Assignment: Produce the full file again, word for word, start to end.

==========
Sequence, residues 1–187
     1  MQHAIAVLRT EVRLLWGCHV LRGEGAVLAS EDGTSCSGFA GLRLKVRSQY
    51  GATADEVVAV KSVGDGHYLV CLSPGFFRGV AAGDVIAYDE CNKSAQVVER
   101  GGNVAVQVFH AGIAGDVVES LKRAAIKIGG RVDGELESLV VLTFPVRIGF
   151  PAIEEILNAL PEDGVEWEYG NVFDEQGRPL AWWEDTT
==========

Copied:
Sequence, residues 1–187
     1  MQHAIAVLRT EVRLLWGCHV LRGEGAVLAS EDGTSCSGFA GLRLKVRSQY
    51  GATADEVVAV KSVGDGHYLV CLSPGFFRGV AAGDVIAYDE CNKSAQVVER
   101  GGNVAVQVFH AGIAGDVVES LKRAAIKIGG RVDGELESLV VLTFPVRIGF
   151  PAIEEILNAL PEDGVEWEYG NVFDEQGRPL AWWEDTT